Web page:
5 min read

Poachers Are Dehorning Namibia's Rhinos. So The Government's Going To Beat Them To It.

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Rhino horn poaching is increasingly threatening Namibia's dwindling population, so wildlife officials have stepped in ... and begun cutting horns off the animals themselves.

According to the Namibian Sun, poachers have killed at least 14 rhinos for their horns in the country this year - a significant increase from the less than ten animals lost in the previous eight years combined. Poaching is a growing problem elsewhere as well; in neighboring South Africa, home to the largest number of rhinos, poachers have killed more than 700 so far this year.

"Rhino poaching has risen dramatically, that is why we have to take some immediate and drastic measures," Pohamba Shifeta, the nation's Deputy Environment Minister, told Bloomberg News. "We are going to harvest as many rhino horns as possible."

But the process of humanely removing horns from rhinos is not without potential problems. Since the animals must be heavily sedated prior to having their horns sawed off, manually or with a chainsaw, complications arising from the anesthesia can be fatal. It's also unclear if the loss of their horns negatively impacts their survival in other ways. One study found that dehorned rhinos may be less equipped to defend themselves or their young against other animals.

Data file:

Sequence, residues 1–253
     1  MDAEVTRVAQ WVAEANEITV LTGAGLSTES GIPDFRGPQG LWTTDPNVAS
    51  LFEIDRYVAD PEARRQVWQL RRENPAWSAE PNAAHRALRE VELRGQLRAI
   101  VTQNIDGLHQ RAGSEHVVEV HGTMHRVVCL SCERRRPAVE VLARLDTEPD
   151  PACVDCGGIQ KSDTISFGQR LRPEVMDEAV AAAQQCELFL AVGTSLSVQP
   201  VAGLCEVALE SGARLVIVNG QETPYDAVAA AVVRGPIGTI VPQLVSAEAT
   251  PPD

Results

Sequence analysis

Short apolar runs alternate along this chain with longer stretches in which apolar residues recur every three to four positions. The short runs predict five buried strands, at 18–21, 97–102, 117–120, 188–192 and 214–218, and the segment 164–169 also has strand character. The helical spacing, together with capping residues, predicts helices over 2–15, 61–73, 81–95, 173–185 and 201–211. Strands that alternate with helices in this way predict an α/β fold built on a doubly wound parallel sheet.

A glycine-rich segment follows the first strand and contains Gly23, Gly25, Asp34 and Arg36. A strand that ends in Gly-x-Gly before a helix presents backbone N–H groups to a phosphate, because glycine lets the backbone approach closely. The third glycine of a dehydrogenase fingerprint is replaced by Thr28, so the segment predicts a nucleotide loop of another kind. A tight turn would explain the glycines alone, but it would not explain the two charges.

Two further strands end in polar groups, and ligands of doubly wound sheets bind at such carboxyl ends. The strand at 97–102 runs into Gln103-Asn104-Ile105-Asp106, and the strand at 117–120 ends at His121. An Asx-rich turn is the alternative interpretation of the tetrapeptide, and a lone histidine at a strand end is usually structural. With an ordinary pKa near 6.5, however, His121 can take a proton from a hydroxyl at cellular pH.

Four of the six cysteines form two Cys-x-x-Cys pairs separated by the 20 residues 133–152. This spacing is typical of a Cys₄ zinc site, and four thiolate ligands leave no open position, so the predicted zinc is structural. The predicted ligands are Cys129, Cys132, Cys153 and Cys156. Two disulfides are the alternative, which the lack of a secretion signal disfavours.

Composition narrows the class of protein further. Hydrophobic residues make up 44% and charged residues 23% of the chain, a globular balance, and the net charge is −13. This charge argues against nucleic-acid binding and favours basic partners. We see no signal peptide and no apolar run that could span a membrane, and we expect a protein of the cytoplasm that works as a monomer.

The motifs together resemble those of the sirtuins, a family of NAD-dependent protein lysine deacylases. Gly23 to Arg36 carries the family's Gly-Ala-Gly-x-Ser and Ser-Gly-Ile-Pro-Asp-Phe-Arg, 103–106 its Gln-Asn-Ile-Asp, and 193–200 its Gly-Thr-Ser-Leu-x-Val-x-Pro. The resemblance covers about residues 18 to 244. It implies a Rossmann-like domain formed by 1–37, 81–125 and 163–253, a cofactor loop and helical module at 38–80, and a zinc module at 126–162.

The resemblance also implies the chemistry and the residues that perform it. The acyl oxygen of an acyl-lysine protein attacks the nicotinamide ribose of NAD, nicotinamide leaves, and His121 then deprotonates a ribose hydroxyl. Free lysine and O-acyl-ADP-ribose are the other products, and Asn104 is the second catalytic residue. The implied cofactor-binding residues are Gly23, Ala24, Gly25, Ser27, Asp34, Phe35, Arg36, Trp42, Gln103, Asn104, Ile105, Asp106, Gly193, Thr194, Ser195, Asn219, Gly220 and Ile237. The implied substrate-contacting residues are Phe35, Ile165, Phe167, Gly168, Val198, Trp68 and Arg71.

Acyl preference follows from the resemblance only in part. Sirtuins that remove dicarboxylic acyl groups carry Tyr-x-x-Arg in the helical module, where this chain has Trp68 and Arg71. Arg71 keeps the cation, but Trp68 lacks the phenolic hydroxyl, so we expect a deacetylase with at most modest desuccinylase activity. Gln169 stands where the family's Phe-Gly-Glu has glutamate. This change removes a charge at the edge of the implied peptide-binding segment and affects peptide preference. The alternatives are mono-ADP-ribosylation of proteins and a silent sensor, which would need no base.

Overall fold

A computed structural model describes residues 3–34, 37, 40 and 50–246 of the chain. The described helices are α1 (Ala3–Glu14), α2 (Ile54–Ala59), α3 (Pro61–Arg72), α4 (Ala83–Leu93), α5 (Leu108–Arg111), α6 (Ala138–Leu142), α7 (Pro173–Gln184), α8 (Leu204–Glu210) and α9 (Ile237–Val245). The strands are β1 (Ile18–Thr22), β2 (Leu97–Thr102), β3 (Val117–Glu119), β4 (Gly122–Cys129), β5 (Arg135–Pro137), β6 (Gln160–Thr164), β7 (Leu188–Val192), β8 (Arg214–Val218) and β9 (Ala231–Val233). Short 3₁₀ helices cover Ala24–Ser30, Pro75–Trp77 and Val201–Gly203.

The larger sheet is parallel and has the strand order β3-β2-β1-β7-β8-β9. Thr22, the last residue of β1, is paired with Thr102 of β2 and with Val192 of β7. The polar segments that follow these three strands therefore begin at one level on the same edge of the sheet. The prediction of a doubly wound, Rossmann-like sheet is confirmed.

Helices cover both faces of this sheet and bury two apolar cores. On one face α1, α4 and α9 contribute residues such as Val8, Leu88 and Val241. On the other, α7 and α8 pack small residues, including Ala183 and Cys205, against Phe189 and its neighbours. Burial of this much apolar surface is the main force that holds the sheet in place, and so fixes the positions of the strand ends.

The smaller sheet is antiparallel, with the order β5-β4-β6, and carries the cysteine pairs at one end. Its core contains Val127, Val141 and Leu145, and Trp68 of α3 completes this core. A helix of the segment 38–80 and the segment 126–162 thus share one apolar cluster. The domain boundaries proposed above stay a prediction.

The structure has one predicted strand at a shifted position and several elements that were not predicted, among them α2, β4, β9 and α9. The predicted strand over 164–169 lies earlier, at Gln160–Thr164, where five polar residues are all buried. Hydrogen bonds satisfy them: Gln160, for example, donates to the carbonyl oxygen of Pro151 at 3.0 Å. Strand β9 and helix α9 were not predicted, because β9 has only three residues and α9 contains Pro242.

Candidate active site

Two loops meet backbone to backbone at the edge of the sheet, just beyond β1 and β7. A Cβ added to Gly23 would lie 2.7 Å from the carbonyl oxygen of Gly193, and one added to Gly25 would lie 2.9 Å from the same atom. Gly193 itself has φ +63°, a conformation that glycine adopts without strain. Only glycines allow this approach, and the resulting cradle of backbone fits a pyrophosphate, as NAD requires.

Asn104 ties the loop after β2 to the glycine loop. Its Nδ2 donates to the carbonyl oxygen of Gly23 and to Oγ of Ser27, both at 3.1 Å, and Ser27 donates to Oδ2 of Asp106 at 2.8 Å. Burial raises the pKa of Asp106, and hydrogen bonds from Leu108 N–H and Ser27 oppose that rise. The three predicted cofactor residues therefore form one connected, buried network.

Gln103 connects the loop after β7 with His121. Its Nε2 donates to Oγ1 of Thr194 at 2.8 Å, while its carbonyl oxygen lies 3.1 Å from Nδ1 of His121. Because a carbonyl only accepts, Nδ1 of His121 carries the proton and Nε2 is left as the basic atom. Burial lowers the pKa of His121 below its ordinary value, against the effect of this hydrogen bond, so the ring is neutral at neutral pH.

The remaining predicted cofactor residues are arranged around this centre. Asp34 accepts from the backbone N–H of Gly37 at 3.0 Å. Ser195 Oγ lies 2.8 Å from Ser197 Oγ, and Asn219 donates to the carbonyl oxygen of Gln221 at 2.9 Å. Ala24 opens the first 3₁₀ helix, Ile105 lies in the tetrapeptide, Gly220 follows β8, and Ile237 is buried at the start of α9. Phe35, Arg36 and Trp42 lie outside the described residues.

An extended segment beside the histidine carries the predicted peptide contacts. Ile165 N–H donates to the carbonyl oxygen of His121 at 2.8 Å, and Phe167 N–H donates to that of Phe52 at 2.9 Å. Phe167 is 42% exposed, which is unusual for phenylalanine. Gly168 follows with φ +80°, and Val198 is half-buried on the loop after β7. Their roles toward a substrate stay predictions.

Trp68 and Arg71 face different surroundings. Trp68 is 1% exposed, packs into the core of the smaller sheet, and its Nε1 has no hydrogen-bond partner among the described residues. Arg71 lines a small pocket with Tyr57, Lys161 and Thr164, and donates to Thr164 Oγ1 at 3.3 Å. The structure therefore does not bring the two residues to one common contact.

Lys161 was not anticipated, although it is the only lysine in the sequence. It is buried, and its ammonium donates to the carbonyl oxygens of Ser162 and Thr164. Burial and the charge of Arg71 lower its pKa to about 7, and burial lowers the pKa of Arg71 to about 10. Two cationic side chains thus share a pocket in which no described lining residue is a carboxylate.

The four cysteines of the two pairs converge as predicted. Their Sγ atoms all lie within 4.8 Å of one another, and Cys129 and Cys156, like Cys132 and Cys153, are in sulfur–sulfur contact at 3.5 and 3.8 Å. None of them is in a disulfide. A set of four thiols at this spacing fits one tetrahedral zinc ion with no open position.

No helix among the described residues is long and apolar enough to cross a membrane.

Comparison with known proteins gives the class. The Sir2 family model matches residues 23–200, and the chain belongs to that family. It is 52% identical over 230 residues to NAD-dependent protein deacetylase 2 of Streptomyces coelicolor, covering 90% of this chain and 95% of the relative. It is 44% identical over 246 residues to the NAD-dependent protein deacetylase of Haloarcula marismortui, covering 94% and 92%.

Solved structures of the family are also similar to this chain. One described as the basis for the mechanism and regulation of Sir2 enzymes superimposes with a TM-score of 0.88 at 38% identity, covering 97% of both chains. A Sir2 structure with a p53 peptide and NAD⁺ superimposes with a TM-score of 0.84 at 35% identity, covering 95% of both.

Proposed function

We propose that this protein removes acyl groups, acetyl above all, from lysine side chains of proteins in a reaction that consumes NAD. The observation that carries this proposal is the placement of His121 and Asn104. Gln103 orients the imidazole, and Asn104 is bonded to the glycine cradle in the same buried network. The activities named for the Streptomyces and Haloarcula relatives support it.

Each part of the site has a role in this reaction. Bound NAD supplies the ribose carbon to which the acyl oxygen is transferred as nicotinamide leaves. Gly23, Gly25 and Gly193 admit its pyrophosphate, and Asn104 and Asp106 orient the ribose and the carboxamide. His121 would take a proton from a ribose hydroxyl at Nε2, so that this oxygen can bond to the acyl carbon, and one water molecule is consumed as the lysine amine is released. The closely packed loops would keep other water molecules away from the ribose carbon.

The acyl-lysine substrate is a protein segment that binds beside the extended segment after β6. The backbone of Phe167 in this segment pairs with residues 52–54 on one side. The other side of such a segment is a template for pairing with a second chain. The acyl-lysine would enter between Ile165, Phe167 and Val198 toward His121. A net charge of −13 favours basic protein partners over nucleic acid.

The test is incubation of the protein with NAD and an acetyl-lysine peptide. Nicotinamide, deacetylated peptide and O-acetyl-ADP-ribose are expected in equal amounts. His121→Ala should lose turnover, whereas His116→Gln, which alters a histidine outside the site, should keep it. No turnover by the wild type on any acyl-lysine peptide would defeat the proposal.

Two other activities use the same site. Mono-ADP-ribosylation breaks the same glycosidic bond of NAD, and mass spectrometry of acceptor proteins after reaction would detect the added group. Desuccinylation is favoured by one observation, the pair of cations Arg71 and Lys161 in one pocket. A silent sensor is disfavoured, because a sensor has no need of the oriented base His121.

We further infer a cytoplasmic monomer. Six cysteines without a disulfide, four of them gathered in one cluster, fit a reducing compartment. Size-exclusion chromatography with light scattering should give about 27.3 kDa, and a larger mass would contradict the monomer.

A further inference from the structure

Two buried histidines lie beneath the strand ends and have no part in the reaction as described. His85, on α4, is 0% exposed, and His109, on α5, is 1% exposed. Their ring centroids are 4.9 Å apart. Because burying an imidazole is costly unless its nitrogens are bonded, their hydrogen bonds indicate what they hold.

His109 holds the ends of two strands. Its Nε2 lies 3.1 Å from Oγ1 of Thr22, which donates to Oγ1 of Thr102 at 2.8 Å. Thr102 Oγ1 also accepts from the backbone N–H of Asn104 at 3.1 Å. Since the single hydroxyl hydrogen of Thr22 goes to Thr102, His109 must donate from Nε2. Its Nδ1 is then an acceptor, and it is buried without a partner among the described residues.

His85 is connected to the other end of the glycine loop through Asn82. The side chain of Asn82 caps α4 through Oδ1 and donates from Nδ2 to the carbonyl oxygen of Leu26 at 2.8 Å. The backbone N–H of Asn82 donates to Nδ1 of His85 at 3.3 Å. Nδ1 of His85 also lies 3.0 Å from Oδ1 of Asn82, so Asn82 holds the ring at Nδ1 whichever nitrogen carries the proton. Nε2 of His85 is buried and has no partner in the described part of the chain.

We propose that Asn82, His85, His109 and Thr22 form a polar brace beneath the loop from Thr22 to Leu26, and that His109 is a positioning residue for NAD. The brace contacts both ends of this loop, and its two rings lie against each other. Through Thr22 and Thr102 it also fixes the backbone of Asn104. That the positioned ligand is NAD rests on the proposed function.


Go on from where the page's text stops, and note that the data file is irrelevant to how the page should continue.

The group Save the Rhinos says that dehorning has proven to make the animals less likely to be targeted, though it doesn't eliminate the risk entirely. Poachers may still kill a dehorned rhino for the small stub that remains, or simply "out of vengeance" - which means other protections must be put in place to truly be effective.

"Dehorning has its place in rhino conservation and, although not a stand-alone solution, recent successes demonstrate that, used alongside other methods, dehorning can be used to protect rhinos," writes the group. "Due to the invasive nature of dehorning, it should only be considered as a last resort under conditions of severe poaching threat."

Shifeta tells the Sun that his ministry is planning to deploy a 300-person-strong anti-poaching unit to patrol the nation's highest risk regions - with funding for this stepped-up security coming from the very horns they're removing. Instead of destroying the horns, Shifeta says they'll be safeguarded, awaiting approval from the Convention on International Trade in Endangered Species of Wild Fauna and Flora to sell legally as a way to bolster their conservation efforts.

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